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I am sorry my English is not very good. my problem might look simple for everyone here. I have read about Floyd–Warshall algorithm in wikipedia,every thing was good but when I start reading "Behavior with negative cycles" I face problem in understanding this sentence: "There is no shortest path between any pair of vertices i, j which form part of a negative cycle, because path-lengths from i to j can be arbitrarily small (negative)" I don't understand what it exactly mean. can anyone help me please. Behavior with negative cycles

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Given a graph, suppose to have a cycle given by Nodes $i \ $,$\ j$,$\ k$ of negative cost.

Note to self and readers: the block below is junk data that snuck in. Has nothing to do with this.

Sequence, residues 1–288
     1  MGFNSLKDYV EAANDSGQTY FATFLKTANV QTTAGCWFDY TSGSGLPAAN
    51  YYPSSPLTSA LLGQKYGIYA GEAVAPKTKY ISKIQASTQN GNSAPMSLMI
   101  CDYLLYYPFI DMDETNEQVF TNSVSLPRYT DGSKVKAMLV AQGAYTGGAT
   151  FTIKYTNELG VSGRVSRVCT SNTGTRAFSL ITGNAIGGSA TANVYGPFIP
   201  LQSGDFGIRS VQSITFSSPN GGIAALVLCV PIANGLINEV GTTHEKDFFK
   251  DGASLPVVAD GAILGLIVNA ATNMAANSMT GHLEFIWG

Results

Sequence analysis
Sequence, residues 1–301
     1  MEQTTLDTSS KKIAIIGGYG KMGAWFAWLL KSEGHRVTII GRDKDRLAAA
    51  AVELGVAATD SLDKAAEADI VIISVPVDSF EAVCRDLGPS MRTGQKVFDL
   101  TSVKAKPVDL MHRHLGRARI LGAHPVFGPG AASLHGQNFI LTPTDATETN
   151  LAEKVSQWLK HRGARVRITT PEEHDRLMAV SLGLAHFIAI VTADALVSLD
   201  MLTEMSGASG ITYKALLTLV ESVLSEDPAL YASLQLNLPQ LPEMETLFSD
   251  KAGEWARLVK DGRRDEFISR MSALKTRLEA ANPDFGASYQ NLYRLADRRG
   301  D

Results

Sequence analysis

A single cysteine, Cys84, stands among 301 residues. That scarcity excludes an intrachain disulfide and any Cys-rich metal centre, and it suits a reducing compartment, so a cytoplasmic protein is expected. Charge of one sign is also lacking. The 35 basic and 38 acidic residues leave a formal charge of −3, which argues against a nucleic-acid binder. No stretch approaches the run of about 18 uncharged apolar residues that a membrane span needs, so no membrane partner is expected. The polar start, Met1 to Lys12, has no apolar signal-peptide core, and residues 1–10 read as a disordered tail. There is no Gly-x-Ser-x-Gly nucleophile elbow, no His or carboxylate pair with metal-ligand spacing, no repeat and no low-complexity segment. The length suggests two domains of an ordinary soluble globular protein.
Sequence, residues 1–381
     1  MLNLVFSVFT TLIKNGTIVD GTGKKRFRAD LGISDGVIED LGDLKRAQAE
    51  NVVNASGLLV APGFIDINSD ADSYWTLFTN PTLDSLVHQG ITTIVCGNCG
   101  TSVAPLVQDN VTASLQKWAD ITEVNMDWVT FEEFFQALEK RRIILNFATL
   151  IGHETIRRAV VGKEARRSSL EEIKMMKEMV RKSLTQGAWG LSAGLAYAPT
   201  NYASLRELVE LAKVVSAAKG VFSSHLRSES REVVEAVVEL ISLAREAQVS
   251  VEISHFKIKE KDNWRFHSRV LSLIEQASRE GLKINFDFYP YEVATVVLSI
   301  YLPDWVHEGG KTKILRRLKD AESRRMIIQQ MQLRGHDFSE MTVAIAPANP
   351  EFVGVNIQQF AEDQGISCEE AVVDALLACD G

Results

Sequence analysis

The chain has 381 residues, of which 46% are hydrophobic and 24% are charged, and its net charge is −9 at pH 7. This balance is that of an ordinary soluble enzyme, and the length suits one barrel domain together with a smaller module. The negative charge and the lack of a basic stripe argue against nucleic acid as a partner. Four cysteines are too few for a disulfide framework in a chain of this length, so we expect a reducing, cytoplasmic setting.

Example:

  • $w(i,j)=2,\ w(j,k)=4,\ w(k,i)-7$

    +---+    +2      +---+
    | i |+---------->| j |
    +-+-+            +-+-+
      ^                |
      | -7             |+4
      |     +---+      |
      +----+| k |<-----+
            +---+
    

Suppose you want to find the shortest path between $i$ and $j$.

You have

$P=\{(i,j)\}$ with $cost(P)=2$

but you can loop through the negative cycle and have:

$P'=\{(i,j),(j,k),(k,i),(i,j)\}$ with $cost(P')=1$ $P''=\{(i,j),(j,k),(k,i),(i,j),(j,k),(k,i),(i,j)\}$ with $cost(P'')=0$ and so on.

You could loop forever through the negative cycle and decrease the cost of the path.

Same if you consider an undirected graph with an edge that has negative weight.

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